National civil rights coalition gives Census Bureau 5 reasons to end prison gerrymandering

National coalition of more than 240 organization urges the Bureau to count incarcerate people at home.

by Aleks Kajstura, June 28, 2024

Last week, The Leadership Conference on Civil and Human Rights — a coalition of more than 240 national organizations to promote and protect the rights of all persons in the United States — sent a letter to the Census Bureau urging it to end prison gerrymandering. Specifically, the group called on the Bureau to “update the current residence rules to maintain the accuracy of the census, ensure fair representation of incarcerated individuals within their home communities, and to prioritize equity among all residents regardless of their incarceration status.”

Prison gerrymandering is a problem created because the Census Bureau incorrectly counts incarcerated people as residents of their prison cells rather than their home communities. As a result, when states use Census data to draw new state or local districts, they inadvertently give residents of districts with prisons greater political clout than all other state residents.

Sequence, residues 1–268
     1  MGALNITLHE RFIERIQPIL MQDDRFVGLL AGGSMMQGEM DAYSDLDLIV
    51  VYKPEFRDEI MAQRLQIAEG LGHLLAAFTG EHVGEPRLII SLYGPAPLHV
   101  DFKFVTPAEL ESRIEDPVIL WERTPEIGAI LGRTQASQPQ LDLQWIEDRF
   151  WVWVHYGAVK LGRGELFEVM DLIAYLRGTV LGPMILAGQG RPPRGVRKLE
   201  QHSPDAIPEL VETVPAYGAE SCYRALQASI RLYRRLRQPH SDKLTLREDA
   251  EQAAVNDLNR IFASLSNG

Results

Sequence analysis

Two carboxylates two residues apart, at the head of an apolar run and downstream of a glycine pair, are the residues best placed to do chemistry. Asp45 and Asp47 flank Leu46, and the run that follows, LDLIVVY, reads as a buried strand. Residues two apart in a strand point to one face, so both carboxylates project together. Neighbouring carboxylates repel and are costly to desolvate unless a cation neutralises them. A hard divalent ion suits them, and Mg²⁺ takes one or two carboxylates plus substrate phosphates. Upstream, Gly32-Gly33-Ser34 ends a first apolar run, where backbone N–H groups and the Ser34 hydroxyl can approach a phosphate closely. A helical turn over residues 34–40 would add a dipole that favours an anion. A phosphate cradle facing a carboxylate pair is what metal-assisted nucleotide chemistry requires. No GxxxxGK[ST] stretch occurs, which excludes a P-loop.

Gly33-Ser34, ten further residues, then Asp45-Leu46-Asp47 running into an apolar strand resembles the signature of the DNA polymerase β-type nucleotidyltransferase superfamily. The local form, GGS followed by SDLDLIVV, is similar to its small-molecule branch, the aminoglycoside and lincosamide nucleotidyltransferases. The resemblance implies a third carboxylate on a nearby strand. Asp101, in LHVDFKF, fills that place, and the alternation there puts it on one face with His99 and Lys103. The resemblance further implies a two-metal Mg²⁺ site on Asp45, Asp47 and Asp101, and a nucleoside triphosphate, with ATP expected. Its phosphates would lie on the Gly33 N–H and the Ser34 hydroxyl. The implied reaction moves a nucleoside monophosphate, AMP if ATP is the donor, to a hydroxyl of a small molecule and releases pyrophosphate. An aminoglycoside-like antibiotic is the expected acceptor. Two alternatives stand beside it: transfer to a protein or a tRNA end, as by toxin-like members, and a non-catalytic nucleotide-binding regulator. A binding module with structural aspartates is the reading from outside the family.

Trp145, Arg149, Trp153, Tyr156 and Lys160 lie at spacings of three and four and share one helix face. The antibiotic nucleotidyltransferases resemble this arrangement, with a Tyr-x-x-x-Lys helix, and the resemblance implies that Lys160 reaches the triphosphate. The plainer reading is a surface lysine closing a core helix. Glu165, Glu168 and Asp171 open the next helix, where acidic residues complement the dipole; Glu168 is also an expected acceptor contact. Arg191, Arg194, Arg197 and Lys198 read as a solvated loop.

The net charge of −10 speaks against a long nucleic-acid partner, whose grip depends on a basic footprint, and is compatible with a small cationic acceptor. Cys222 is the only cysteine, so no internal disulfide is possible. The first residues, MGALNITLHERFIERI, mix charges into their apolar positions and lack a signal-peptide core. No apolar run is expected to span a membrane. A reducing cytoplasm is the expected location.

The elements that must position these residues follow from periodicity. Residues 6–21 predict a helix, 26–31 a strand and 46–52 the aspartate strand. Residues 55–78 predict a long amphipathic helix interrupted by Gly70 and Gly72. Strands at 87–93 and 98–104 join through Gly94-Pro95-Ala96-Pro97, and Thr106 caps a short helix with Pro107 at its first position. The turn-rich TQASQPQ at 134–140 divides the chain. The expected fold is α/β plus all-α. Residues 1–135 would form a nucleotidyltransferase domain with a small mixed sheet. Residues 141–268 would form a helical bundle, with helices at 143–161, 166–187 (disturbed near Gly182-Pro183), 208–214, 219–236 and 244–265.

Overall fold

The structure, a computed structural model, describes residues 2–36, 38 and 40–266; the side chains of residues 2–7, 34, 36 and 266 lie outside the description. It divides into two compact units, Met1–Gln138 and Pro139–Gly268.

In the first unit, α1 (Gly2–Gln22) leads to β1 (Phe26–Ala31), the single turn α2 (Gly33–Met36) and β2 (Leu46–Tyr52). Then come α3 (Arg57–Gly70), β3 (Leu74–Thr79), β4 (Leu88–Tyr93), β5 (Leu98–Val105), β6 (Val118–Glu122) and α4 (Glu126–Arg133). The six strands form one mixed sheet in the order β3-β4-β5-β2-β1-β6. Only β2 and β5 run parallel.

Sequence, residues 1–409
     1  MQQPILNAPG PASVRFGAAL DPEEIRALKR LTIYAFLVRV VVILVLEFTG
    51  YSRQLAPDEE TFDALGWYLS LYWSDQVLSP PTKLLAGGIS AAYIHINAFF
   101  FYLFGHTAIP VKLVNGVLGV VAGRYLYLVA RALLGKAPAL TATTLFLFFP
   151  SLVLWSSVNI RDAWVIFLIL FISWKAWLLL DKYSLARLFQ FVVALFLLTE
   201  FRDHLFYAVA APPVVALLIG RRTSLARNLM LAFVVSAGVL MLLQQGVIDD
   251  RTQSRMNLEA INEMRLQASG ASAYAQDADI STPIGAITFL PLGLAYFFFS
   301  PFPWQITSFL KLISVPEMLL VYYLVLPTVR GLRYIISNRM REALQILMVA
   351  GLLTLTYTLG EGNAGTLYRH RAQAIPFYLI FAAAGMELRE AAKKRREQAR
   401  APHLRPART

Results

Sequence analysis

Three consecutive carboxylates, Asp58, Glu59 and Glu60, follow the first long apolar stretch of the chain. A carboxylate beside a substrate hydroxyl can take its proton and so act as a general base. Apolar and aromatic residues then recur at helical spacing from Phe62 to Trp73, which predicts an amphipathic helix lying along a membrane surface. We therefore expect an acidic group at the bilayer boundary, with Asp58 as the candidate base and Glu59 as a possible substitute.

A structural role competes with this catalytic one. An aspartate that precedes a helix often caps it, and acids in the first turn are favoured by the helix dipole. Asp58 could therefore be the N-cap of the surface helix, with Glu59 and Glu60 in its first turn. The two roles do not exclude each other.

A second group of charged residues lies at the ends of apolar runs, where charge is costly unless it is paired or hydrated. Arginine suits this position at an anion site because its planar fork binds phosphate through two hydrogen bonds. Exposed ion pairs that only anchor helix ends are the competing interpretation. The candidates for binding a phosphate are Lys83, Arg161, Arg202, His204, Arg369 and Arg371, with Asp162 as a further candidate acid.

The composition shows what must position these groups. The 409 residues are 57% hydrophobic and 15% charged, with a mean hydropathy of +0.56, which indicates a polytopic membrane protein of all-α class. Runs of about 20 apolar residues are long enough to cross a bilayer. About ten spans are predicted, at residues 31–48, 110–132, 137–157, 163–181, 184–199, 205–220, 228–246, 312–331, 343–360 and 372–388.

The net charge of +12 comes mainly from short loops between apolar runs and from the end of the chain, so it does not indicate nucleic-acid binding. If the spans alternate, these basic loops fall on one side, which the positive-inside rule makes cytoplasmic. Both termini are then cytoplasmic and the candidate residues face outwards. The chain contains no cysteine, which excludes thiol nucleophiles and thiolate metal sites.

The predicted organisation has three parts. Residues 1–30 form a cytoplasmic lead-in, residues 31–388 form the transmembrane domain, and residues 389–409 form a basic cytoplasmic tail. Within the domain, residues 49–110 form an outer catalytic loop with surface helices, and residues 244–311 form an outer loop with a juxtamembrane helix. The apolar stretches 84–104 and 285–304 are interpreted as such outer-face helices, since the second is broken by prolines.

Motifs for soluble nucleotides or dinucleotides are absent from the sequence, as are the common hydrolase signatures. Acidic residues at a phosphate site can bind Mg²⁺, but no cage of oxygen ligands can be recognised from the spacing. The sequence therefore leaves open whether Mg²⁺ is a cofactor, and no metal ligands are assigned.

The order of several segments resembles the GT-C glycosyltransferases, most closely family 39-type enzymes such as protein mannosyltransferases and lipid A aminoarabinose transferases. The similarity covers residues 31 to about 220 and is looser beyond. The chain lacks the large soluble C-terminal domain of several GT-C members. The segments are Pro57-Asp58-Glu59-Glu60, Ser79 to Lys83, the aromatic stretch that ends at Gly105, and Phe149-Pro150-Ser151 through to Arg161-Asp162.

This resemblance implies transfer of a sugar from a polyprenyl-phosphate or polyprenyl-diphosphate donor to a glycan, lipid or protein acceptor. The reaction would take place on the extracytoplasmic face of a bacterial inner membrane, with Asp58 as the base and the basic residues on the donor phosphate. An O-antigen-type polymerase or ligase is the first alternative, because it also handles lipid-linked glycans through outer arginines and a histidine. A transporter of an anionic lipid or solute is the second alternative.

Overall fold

The letter follows up on a meeting with staff from the Census Bureau’s Population Division, which oversees how the “residence rule” — is applied to people in different living situations at Census time. To end prison gerrymandering, the Bureau needs to update how it applies its residence rule for incarcerated people to ensure an accurate Census. While is a plethora of reasons it should do so, the letter focuses on 5 key points:

  1. The residence rules must reflect the real-life circumstances of incarcerated persons and the needs of the states and communities in which they live.
  2. Representation and, therefore, democracy, are distorted by counting incarcerated persons where they are housed on Census Day rather than in the home communities to which most will return.
  3. Incarcerated people are not part of the social and economic fabric of the communities surrounding the facilities where they are serving their sentences.
  4. Criteria used to apply the residence rule to incarcerated people should be applied in the same manner as for other people away from home on Census Day.
  5. Equity requires counting incarcerated people at home.

For details on all 5 points, check out the letter (or PDF).

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